Because the film is too clever to be just an object lesson on the vacuities of two middle-class couples, the cycle continues and allegiances shift—civility reasonably gained devolves into uneasy detente then into open warfare—exposing repressed class resentment, clan fealty, and the struggle for pack dominance. The parts coalesce into a whole: war is, after all, war. Carnageis nothing less than a sardonic examination of man’s true nature.
Are we, as a species, just an adaptive animal with instincts and hungers (the reptilian predation of Alan, the leonine self-satisfaction of Michael), or are we something more than that (the lofty cliches of Penelope)? Is the brain stem—eat it, fight it, or fuck it—stronger than the cerebral cortex, the home of all goodness and fine manners? Is it ‘might makes right,’ as Machievelli noted, or ‘love conquers all,’ as Virgil would have it? ‘Survival of the fittest,’ as in the musings of Herbert Spencer after reading Darwin, or ‘What the world needs now is love, sweet love,’ as in the 1960s idealism of Burt Bacharach?
The cast is excellent, in parts and in the whole: Winslett, her contempt thrillingly modulated; Foster, never the easiest comedian, at first brittle then gleefully unhinged; Reilly, proving—after a year that has also included Terri, Cedar Rapids,and We Need To Talk About Kevin—that’s he’s one of the most nuanced actors working today; and Waltz, a master of the comedy of words, interruptions, hesitations, and inflections, his mockery timed with cold surgical precision.
So who wins? Considering the harridan that Penelope has devolved into by the end of the film, with her paltry, doubtful plea, ‘We have to believe there’s some possibility for correction?’ easily triumphed by Alan’s allegiance to ‘the God of Carnage’ who has ‘ruled, uninterruptedly, since the dawn of time,’ it’s no surprise. As Jodie Foster says, ‘Our ideas about morality are constructs and in fact we’re all very primitive. We’re all monstrous in some ways and if we took responsibility for that we’d probably be better off.”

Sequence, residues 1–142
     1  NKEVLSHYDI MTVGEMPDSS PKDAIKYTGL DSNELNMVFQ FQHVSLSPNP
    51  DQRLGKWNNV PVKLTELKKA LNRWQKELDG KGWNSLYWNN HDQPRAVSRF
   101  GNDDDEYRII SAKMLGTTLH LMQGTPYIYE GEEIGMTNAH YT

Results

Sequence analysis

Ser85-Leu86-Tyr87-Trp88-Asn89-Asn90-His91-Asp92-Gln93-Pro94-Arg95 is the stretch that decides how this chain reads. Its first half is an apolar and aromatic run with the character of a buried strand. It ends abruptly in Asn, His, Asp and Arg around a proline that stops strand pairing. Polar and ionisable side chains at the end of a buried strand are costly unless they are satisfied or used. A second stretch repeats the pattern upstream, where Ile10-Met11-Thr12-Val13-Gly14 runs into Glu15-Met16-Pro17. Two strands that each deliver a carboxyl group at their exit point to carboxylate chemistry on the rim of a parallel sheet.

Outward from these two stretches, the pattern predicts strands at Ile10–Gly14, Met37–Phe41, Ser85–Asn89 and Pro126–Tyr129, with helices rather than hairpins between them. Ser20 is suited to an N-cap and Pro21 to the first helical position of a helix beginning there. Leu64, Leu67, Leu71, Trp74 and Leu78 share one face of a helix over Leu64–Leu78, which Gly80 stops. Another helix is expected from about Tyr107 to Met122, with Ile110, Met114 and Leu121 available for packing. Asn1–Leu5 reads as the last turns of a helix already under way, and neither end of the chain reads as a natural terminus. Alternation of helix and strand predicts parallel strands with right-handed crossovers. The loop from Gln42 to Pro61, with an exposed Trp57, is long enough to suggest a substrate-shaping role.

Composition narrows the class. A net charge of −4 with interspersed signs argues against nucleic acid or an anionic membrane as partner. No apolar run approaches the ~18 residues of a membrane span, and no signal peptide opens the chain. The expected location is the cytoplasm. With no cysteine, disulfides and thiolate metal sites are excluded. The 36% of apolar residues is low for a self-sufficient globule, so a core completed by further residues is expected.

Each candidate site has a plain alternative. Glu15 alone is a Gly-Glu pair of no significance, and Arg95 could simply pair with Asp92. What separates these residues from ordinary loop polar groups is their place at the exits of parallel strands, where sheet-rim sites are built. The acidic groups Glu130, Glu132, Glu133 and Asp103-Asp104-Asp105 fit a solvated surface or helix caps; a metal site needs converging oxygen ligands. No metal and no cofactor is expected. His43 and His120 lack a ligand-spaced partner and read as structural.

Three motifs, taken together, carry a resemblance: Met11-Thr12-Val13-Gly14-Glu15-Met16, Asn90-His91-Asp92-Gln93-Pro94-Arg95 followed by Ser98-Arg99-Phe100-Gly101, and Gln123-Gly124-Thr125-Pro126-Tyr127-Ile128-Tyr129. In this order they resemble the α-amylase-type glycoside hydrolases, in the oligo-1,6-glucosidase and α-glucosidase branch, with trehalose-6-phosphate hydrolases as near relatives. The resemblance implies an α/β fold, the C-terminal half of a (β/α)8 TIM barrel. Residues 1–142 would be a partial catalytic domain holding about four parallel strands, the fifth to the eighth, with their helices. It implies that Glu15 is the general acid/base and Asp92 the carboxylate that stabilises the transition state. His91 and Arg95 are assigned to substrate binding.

Chilly stuff indeed. A hilarious and biting scale model masterpiece.
by Garth Twa
On the eve of the century, before all hell breaks loose, a new model of the mind is coalescing in Vienna. It is the early days of psychoanalysis, when the science was inchoate and a struggle is taking place—like in all nascent movements, from newly minted republics to artistic upheavals—to determine the face of it, to decide the politics of a new force that will change the world. ‘Do you think they know we’re on the way,’ Sigmund Freud says here, ‘bringing plagues?’
A Dangerous Method centers on an idealistic and impressionable Carl Jung (Michael Fassbender), and he is just getting a sense of himself. He is easily influenced by the eminence of Freud and easily knocked off track by the irrepressible (which, psychoanalytically speaking, is not necessarily a good thing) psychotherapist Otto Gross (Vincent Cassel). Jung begins to buckle under the prescribed methodologies of the two men (disapproving superego and lascivious id, respectively) and has an inkling that there may be another way, a science that will help people find a way out of mental illness, not just label it. He is also under the influence of Sabina Spielrein (Keira Knightly) a masochist and possibly nymphomaniac who arrives gnashing and gurning at his clinic in Switzerland, and who he treats, has unlawful carnal knowledge of, and sets on her way to becoming a leading psychoanalyst in her own right. Freud’s words are, Jung says, ‘carved in my heart: Whatever you do, give up any idea of trying to cure them.’